But consumers who find their movie service being degraded or who are being charged extra for "excess" bandwidth will soon find new providers. It will likely get rocky for a while, and then technology and the market will sort it out. This is how it's worked for some 25 years, during which the Internet has merrily thrived with hardly any government regulation at all.

It is also worth noting that Genachowski specified that he is no longer looking to reclassify broadband as a Title II telecommunications service, which would mean treating it as though it were a monopoly phone company. He couldn't get that notion past even the current Congress, which has not been, one might say, averse to government overreach.

The FCC is naturally splitting along party lines on this, with the two Republicans, Robert McDowell and Meredith Attwell Baker, releasing blunt statements in opposition and Democrats Mignon Clyburn and Michael Copps in support.

This will be approved later this month, though Copps, who is ordinarily Genachowski's reliable wingman, is still apparently holding out hope for Title II regulation. Indeed, the fact that Copps

Michael Copps sees it as part of the FCC's mandate to investigate and judge the "state of journalism," and to create tests of a station's "public value," and even to count how many local or regional artists get on the air. What sort of regulation do you suppose Copps will feel is appropriate for an FCC-controlled Internet?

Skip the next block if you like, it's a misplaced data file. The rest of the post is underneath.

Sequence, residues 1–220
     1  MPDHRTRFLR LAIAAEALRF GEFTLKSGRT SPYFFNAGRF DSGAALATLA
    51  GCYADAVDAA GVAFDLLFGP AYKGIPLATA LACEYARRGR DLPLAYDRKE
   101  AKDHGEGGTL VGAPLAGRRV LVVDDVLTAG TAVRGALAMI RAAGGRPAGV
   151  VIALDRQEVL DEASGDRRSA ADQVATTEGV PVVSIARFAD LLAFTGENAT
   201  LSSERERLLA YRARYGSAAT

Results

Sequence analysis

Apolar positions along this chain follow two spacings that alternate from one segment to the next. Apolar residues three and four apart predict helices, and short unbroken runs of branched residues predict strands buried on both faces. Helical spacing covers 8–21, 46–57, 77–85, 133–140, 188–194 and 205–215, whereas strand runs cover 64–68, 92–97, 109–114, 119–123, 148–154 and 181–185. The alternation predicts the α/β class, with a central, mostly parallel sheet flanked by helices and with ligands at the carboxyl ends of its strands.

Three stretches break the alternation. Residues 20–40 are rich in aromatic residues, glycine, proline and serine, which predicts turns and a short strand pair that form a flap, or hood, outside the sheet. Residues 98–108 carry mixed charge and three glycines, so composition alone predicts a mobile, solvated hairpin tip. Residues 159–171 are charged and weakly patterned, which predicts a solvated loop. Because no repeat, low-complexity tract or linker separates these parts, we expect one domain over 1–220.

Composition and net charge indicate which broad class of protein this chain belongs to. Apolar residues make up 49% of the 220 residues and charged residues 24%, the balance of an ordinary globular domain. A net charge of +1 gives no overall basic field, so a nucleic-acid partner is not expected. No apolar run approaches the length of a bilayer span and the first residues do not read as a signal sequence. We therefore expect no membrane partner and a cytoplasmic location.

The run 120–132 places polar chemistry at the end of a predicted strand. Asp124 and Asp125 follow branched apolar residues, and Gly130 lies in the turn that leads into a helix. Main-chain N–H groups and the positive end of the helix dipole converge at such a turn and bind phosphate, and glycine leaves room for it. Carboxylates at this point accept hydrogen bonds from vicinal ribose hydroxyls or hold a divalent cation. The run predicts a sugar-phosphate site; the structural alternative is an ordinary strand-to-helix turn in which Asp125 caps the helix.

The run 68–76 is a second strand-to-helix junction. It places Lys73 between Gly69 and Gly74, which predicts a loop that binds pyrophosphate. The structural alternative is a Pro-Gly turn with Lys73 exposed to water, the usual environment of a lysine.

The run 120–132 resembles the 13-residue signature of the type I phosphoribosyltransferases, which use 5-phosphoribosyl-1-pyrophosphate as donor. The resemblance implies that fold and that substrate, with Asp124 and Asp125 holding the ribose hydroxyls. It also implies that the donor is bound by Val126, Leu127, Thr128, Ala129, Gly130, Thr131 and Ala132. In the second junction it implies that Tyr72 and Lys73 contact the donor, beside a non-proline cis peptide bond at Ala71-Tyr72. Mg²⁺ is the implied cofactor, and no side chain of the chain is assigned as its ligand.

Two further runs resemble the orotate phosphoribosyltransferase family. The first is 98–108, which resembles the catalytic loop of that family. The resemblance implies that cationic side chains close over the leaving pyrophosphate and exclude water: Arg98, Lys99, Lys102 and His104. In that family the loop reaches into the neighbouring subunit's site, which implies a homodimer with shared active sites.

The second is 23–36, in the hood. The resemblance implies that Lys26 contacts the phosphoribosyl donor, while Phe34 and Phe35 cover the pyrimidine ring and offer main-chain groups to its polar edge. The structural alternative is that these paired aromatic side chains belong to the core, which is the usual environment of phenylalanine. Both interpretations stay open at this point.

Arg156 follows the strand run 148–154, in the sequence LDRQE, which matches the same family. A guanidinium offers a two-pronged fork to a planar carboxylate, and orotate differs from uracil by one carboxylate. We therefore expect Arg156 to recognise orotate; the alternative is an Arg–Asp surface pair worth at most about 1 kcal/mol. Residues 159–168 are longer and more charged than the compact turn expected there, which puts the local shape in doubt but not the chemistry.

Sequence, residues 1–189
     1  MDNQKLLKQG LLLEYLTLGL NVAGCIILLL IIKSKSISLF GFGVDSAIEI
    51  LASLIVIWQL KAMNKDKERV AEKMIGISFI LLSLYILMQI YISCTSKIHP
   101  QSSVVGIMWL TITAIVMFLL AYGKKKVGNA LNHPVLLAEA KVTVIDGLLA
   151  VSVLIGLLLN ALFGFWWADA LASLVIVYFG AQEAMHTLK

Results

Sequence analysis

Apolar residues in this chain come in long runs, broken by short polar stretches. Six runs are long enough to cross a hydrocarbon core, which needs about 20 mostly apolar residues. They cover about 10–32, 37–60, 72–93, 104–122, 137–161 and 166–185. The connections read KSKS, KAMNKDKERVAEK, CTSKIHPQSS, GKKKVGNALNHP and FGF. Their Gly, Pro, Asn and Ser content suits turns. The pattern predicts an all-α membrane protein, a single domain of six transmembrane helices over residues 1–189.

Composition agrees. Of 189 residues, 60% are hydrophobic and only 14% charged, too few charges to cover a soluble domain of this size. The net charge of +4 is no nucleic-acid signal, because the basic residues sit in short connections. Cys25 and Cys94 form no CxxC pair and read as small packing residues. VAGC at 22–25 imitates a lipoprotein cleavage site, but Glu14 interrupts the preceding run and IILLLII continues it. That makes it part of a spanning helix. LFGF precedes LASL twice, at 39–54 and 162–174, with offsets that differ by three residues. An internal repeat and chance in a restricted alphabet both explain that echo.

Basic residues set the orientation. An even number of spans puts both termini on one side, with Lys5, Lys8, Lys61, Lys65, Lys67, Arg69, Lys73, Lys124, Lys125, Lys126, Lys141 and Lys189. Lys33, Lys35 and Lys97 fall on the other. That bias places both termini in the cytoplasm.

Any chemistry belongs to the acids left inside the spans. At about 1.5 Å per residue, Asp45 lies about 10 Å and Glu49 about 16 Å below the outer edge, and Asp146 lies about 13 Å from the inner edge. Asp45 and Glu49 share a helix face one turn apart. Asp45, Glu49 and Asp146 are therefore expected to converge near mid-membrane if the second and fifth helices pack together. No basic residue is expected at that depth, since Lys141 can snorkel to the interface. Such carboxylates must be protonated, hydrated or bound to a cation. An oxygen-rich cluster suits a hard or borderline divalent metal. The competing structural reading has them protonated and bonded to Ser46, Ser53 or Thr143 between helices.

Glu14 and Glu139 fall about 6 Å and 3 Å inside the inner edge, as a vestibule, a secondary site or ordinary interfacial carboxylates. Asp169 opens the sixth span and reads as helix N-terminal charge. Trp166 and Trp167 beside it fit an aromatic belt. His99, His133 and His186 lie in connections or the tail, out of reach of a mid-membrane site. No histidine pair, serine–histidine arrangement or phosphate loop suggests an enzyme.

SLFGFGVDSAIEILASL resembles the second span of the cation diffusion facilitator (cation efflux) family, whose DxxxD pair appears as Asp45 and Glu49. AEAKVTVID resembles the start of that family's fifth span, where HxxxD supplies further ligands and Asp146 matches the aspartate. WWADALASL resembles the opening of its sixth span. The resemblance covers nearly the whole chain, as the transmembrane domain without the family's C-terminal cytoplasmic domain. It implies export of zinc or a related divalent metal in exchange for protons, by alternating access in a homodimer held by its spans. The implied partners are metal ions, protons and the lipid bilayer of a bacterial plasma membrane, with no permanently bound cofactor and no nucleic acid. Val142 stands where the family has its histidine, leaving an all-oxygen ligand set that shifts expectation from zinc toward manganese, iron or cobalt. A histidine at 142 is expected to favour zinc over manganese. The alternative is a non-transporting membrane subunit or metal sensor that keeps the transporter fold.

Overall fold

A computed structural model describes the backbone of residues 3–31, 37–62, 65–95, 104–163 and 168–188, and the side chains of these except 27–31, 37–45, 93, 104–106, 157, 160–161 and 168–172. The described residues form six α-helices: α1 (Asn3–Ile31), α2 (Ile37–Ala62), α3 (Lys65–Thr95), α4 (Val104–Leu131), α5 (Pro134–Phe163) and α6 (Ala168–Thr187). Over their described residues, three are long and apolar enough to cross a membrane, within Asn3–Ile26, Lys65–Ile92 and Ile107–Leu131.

What's this got to do with radio? Radio, like every other media business, is going to rely more and more on the Internet for revenue and content delivery. Digital is already a key and growing part of radio's business model. The FCC would like to insert itself into that part of your business, introducing regulatory uncertainty, unsettling potential investors, and interfering with the natural development of the market and of technology. Does that sound appealing?

To allow the FCC to get its hands on the Internet on the basis that bad things might happen -- things that have natural, market-driven solutions -- would be wildly short-sighted and destructive. Indeed, the very notion that government regulation of any communications medium will lead to greater freedom and openness would be laughable if it weren't so dangerous.

There's probably nothing that can stop the FCC from approving this in a party-line vote on December 21. But some legislators have already vowed that they'll do everything they can to undo it. I urge you to get in touch with your representatives and help make sure that stopping Genachowski and the FCC from taking control of the Internet is a top priority in the new Congress.

Eric Rhoads

FYI, Appreared 12/18/2013...I am on the opposite side in this debate, but all sides need to be heart. I am for net-neutrality and equal and fair access. -Art Lynch

The End of Human Specialness

For the 10th-anniversary issue of The Chronicle Review, we asked scholars and illustrators to answer this question: What will be the defining idea of the coming decade, and why?

The defining idea of the coming era is actually the loss of an idea we never had to worry about losing before. It is the decay of belief in the specialness of being human.